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J. Searle Dawley
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La maison ensorcelée is a remake of J. Stuart Blackton's The Haunted Hotel, which, at the same time, Chomón would remake more ambitiously the following year under the title The Electric Hotel. These remakes were the norm back in those days; as a consequence, copyright issues would arise but, until then, life was all a bowl of cherries to filmmakers.
Blackton's film was so successful in Europe, Pathé ordered Chomón to make a version of it and, even though some of the scenes (especially the one containing food being served on the table all by itself) are copied frame by frame, it isn't fair to give all the credit to Blackton since Segundo de Chomón had released his La maison hantée a year before The Haunted Hotel appeared. Who should we thank then? Méliès again. A bunch of tourists being harassed by spirits at some inn was certainly a recurrent subject matter in his movies, take The Black Devil as an example.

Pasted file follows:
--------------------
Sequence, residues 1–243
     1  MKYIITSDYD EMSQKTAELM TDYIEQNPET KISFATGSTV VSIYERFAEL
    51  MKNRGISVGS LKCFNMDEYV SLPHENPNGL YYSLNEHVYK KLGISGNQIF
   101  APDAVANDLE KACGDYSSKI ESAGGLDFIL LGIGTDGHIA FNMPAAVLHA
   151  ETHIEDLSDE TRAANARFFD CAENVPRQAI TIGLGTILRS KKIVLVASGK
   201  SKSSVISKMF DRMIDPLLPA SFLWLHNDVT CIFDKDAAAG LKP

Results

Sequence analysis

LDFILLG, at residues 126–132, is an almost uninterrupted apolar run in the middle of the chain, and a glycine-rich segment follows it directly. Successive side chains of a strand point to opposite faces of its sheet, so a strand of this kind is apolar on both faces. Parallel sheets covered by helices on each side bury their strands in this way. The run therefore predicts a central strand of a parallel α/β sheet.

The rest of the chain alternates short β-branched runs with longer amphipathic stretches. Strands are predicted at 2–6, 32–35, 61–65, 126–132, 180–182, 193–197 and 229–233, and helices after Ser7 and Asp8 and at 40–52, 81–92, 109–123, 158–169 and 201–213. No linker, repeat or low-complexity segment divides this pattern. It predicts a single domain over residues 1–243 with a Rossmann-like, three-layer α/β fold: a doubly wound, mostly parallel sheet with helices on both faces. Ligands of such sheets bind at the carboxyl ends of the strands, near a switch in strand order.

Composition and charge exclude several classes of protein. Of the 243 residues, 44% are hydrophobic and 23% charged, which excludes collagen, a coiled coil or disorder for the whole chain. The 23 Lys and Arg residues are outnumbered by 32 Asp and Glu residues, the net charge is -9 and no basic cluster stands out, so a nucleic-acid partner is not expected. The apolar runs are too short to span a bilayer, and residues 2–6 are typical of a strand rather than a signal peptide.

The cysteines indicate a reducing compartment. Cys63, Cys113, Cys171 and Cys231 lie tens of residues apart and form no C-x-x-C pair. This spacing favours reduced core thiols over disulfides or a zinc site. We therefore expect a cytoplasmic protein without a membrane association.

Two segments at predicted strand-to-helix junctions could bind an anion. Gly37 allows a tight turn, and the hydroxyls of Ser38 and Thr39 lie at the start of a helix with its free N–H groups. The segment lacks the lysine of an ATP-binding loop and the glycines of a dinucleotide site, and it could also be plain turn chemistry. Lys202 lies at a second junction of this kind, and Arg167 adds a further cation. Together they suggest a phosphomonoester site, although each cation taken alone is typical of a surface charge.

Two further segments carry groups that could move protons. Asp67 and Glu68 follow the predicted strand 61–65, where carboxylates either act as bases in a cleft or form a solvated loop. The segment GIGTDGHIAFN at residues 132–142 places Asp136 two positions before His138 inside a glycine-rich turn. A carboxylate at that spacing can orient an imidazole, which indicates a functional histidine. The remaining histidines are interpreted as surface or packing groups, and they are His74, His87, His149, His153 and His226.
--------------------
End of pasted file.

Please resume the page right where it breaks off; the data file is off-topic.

Regarding this movie, the two first scenes (introducing the atmosphere) are quite impressive: it's raining, the trees move as the wind blows and rays were added to the print causing a really shocking effect. It does look like a hell of a night (which couldn't be easy to portray so well in silent films). Three travelers take shelter in a house by the woods in which every kind of funny thing is going to happen: a ghost appears, clothes begin to fly all of the sudden, a painting comes to life, the house starts shaking up and so on.
The copy I had the chance to view came from the Nederlands Filmmuseum and I must say it was pretty neat and very well conserved too. The effects are very successful, scary even to this day; performances are good too, but once again it lacks originality. Chomón was an expert in imitating things and even though he did not invent anything, he helped to develop some important techniques. His use of the stop-motion in this movie is amazing. This is a great film I could watch all over again and again.
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